Edom, Or Idumaea, the ancient name of a region intervening between Palestine and Egypt. The book of Genesis describes it as the field or land of Edom. The word signifies red, and probably refers to the color of the mountain range. It was previously called Mount Seir, signifying rugged. Most of the tract is a rocky desert; but there is a considerable amount of soil that admits of cultivation, and vegetation enough for the maintenance of numbers of camels, goats, and sheep. The plain rises gently from the Dead sea to an imperceptible watershed, about 14 m. from the wady Ghurundel. Adjoining the Arabah are low calcareous hills, which are succeeded by a range of igneous rocks, chiefly porphyry, overlaid with red sandstone, reaching the height of 2,000 ft. Further E. is a range of limestone, 1,000 ft. higher, which sinks down into the plateau of the Arabian desert. The principal part of the country was that situated between the Dead sea and the gulf of Akabah; the limits and extent of the whole, however, are not precisely ascertained. - According to the Biblical narrative, Esau took possession of this land immediately after the death of Isaac; and when his descendants increased they extirpated the Horites, the original inhabitants. (See Horites.) Eli-phaz, Esau's oldest son, was the father of Amalek, whose descendants took possession of the desert et-Tih, which was afterward absorbed by the Edomites. The Edomites were at first divided into ten tribes, and some of these adopted subsequently an elective monarchy, while those of Mount Seir preserved their patriarchal organization.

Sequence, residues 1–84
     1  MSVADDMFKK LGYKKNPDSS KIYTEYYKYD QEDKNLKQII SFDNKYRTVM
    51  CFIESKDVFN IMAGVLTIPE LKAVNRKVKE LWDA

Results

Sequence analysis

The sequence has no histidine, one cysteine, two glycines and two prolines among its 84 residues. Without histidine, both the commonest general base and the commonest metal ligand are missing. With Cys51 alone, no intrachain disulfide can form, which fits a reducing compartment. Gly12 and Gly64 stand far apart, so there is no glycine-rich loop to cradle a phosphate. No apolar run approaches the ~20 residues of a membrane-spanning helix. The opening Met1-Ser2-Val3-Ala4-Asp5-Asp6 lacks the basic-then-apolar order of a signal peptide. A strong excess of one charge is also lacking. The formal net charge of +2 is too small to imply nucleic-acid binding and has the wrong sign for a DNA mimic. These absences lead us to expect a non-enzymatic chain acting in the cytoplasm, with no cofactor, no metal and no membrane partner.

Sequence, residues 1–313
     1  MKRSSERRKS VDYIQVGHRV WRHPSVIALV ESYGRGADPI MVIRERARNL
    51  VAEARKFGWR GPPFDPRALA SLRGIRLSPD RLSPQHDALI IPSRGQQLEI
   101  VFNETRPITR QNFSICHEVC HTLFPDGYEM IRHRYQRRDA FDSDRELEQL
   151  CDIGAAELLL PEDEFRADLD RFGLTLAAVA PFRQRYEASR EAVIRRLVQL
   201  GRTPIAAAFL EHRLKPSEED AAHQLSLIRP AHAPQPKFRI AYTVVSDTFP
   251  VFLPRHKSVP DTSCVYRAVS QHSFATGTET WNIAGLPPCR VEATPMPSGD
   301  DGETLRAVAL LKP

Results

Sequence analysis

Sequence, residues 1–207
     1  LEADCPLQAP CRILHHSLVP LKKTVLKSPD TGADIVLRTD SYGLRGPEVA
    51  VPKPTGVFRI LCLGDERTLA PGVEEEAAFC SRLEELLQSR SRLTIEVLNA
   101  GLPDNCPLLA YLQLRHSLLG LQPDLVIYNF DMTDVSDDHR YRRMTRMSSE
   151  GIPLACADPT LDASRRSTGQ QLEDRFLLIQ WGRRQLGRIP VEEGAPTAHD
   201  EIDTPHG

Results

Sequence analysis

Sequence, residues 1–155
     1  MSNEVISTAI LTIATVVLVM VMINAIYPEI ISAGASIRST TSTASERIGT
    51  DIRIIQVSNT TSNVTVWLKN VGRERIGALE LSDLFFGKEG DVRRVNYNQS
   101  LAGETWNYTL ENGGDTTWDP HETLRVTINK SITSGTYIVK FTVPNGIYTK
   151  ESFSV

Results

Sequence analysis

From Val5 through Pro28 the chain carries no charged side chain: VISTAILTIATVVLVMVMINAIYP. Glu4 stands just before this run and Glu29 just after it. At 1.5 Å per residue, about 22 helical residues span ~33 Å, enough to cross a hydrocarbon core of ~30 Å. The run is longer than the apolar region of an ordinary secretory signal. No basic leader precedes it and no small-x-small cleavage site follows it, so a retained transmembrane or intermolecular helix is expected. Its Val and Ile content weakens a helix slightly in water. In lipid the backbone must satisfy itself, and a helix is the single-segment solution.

The list of the kings given in Genesis contains but eight names, and therefore does not carry us back more than two centuries before the exodus. The king of Edom refused the Hebrews permission to pass through his territory, and forced Moses to march round the edge of the desert, and turn the kingdom of Moab, to arrive at the Jordan. The power of the kings was subsequently extended over all divisions of the Edomites, and after the time of Gideon even over the remnant of the Midianites. After the settlement of the Hebrews the Edomites were constantly at war with them. Saul fought against them successfully, and David defeated them completely, and placed garrisons in their towns. Hadad, an Edomite prince, excited a rebellion against Solomon, which was suppressed. The Edomites remained thereafter a dependency of Judah, and revolting with the Moabites under Jehoshaphat, they sustained great losses without gaining their object. They were more successful in the time of Joram, and were once more ruled by their own kings. Amaziah defeated them in the Salt valley and took the city of Sela (afterward called Petra by the Greeks), the capital of the new Edomite monarchy.